U.S.: Gallup Poll Shows More Than 33 Million American Adults Use Marijuana
By Derrick Stanley
A new Gallup poll released today found that the number of Americans who smoke pot has almost doubled in the last three years.
Only seven percent of Americans said they were marijuana smokers in 2013. When Gallup asked people in a new poll in July of this year, 13 percent admitted to currently using marijuana. That adds up to more than 33 million users in the U.S.
The Centers for Disease Control and Prevention say that about 40 million Americans currently smoke cigarettes. Marijuana could soon become more popular and prevalent than tobacco, which is seeing a decline in use.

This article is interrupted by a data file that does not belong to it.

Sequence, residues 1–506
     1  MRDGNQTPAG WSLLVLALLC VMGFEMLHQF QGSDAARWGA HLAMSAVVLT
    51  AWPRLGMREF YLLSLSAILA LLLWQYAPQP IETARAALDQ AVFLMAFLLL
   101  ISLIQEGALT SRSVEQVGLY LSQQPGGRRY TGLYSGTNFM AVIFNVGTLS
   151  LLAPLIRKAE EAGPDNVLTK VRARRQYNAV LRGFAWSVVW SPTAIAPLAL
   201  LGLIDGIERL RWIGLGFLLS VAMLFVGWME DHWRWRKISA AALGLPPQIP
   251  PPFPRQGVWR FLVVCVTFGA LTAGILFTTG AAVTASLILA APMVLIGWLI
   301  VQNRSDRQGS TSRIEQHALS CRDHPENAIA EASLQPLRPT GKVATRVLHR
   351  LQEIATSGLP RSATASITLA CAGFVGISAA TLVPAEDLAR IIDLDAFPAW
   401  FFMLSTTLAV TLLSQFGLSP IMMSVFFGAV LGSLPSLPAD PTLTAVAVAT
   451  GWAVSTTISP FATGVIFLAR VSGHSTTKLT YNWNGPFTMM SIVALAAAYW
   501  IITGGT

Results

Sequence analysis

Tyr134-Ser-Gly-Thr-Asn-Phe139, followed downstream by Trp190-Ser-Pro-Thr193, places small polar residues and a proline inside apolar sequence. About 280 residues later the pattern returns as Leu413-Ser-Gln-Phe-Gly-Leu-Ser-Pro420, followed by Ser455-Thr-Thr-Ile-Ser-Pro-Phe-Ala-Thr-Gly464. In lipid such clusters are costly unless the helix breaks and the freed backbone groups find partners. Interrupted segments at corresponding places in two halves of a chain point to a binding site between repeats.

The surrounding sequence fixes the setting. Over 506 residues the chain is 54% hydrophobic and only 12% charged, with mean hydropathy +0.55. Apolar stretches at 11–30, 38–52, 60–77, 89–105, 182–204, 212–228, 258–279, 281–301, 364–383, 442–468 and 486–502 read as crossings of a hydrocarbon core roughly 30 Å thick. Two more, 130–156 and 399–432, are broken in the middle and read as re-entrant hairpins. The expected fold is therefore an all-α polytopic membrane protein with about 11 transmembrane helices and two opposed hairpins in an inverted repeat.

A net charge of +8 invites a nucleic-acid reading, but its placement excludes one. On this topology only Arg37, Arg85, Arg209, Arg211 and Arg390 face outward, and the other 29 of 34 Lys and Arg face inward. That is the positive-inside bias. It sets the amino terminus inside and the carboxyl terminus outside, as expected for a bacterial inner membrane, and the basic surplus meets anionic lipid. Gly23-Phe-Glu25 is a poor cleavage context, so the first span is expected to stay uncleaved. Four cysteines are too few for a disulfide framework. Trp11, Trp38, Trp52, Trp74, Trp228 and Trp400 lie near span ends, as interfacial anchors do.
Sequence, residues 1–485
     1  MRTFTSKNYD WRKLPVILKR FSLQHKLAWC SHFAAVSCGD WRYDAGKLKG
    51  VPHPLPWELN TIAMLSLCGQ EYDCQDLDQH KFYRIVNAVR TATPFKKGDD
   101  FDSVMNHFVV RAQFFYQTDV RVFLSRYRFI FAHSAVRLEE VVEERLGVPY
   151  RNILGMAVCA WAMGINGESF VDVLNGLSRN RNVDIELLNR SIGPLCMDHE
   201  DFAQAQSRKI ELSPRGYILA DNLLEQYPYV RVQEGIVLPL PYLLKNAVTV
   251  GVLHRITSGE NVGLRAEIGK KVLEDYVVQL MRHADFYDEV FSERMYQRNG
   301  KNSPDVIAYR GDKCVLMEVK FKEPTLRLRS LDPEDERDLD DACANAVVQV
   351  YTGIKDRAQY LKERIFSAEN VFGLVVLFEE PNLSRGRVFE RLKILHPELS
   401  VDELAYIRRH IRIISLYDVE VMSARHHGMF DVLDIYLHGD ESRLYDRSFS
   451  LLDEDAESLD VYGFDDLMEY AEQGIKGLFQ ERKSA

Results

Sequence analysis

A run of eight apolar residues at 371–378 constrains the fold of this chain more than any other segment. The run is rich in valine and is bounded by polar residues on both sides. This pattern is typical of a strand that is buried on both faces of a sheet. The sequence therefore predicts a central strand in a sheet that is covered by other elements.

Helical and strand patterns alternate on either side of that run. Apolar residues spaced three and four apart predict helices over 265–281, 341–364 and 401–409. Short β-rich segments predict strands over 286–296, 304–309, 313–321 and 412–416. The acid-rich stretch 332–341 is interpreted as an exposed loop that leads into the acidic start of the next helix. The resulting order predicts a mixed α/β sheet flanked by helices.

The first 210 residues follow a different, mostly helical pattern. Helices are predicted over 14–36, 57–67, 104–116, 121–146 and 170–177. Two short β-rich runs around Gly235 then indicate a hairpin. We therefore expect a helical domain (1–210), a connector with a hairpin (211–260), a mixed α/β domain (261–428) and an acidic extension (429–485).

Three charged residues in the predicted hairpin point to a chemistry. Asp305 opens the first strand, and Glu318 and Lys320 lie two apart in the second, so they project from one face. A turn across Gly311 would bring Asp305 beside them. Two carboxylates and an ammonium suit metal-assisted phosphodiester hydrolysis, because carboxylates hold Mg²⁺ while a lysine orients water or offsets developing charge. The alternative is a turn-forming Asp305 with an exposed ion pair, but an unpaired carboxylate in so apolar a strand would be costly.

Many factors contribute to this change. Several states have legalized recreational marijuana since 2013, and several more states are voting for laws for recreational and medical legalization this November.
However, recreational marijuana use remains illegal at the federal level and in most states. Police are arresting people for possessing marijuana at record-high rates -- more than 1,700 per day, according to 2014 data from the FBI.
Decreased social stigma has probably also helped turn things around. And exposure: in the late 1960s, fewer than 5 percent of adults told Gallup they had ever smoked marijuana. Today that number is up to 43 percent. So nearly half of American adults now have first-hand experience using marijuana, whether they currently use or not.